Fishermen are urging the European Union to impose sanctions on Iceland and Faroe by the summer after the firth round of talks over the disputed mackerel catch broke down in Reykjavik yesterday.
Chief executive of the Scottish Pelagic Fishermen’s Association Ian Gatt described the final set of talks between the EU and Norway and Iceland and Faroe as a “wild goose chase”. Neither country showed any intention of seeking realistic compromise in the negotiations, he said.
At the talks the EU and Norway recognised that the change in migration patterns in recent years, due to the expansion of the stock, justified a modified sharing arrangement. However, officials pointed out that the Icelandic mackerel fishery increased from almost zero catch in 2006 to 156,802 tonnes in the 2011, while Faroese catch levels have increased six-fold over two years to 150,000 tonnes in 2011. If the EU and Norway had followed the same Icelandic and Faroese logic for the justification of setting quotas, pressure on the stock would “go totally out of control”, they said.
Mr Gatt said: “We condemn Iceland for inviting coastal states to Reykjavik for further talks when they had no intention of compromising or tabling a realistic solution to this mackerel catching dispute. It was simply a wild goose chase. We should also question why the Faroe Islands turn up to these talks when they contribute nothing to the debate, remain silent and are clearly intent on hammering the mackerel stock again this year.
“It is glaringly apparent that continual negotiation and compromise by the EU and Norway is not going to achieve an agreement with Iceland and the Faroes. Sanctions must now be implemented against Iceland and the Faroes before their summer mackerel fisheries begin.
“We know the European Parliament is making good progress with the sanction proposal but it will also need European fisheries ministers to endorse the sanction measures. Given that the UK is the largest stakeholder in the mackerel fishery, we call upon Scots fisheries secretary Richard Lochhead and UK fisheries minister Richard Benyon to throw their full weight behind this and ensure that sanctions are in place before these fisheries commence.”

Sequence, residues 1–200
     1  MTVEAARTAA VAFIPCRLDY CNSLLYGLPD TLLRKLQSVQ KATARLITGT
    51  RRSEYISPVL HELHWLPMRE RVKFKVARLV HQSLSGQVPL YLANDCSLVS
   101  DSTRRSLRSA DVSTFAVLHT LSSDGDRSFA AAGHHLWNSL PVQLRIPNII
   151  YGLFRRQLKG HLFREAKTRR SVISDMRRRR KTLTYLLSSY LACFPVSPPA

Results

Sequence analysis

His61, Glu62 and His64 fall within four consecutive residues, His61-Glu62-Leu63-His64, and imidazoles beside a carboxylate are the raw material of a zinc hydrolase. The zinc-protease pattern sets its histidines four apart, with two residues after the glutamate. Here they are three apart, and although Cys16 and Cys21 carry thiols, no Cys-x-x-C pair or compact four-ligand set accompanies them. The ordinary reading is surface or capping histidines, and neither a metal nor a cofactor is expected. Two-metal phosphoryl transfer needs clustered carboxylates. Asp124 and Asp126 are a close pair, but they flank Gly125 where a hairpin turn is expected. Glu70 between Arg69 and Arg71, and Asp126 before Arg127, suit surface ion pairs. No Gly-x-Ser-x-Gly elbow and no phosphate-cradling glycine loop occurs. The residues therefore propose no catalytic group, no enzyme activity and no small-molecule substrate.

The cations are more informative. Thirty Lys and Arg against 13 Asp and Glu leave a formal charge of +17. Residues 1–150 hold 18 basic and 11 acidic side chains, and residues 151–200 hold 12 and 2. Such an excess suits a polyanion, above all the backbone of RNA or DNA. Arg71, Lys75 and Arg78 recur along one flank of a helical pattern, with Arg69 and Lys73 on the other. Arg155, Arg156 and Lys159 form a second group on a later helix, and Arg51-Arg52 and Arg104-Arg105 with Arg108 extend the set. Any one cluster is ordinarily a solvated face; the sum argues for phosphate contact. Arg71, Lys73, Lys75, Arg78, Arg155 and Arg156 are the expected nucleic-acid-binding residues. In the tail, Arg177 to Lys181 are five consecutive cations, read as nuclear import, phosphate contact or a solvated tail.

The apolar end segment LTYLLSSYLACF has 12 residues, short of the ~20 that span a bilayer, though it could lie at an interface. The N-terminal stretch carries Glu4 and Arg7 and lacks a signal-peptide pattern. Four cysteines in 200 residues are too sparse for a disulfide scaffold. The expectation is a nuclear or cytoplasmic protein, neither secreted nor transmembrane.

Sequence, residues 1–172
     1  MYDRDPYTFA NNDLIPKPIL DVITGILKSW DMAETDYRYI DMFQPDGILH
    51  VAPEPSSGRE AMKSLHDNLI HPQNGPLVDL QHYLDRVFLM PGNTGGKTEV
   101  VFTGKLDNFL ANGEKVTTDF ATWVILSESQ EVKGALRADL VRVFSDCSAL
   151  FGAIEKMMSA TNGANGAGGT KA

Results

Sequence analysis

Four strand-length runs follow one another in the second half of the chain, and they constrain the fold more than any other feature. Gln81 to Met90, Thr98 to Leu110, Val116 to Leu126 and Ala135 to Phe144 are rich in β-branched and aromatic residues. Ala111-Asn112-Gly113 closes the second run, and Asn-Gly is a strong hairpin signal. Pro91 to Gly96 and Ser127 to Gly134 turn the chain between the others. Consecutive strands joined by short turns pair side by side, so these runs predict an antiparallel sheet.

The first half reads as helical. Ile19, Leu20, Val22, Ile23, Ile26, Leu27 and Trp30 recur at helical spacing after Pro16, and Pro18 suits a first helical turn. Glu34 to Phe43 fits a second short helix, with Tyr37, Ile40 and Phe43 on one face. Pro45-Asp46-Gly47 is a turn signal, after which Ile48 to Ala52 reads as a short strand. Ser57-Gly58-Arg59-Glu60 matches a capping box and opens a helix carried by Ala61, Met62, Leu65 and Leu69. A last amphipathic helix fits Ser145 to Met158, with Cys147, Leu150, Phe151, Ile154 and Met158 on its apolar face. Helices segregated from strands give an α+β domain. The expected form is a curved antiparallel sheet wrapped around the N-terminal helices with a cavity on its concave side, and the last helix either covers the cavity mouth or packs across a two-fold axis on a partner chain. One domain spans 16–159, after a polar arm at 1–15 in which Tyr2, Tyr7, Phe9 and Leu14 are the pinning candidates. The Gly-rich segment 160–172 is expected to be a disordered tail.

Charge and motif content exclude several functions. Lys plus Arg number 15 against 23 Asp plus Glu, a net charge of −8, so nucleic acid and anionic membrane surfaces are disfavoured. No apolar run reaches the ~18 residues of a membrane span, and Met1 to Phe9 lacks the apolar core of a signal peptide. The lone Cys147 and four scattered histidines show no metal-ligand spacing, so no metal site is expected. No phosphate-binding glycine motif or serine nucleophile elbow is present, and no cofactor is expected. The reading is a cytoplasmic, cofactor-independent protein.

Mr Gatt added that the SPFA also fully supported proposals from an Irish MEP to go further than the original European Commission and include all fish and fishery products in the proposed sanctions.
EU fisheries commissioner Maria Damanaki and Lisbehth Berg-Hansen, Norway’s fisheries minister, said they were disappointed that Iceland and Faroe had not engaged.
“The joint EU/Norway proposals, made during the negotiations, offered Iceland and the Faroe Islands a considerably increased share,” said a commission spokesman. “They would also have allowed Icelandic and Faroese vessels to fish a significant part of their quota share in EU and Norwegian waters, where the value of the fish is significantly higher than in Icelandic or Faroese waters.
“While the union and Norway appreciate the key role of fisheries in the Icelandic and Faroese economies, Iceland and the Faroe Islands seem to neglect the dependency that coastal communities in the union and Norway have on the stock. Mackerel fishing has been an important source of income for decades in our coastal communities, for many thousands of fishermen operating both in large-scale and artisanal fisheries. Iceland is the newcomer in the mackerel fishery.
“The EU and Norway have built up the mackerel stock on a sustainable basis. This sustainability is being directly threatened by the recent development of new and unilateral fisheries by Iceland and the Faroe Islands.”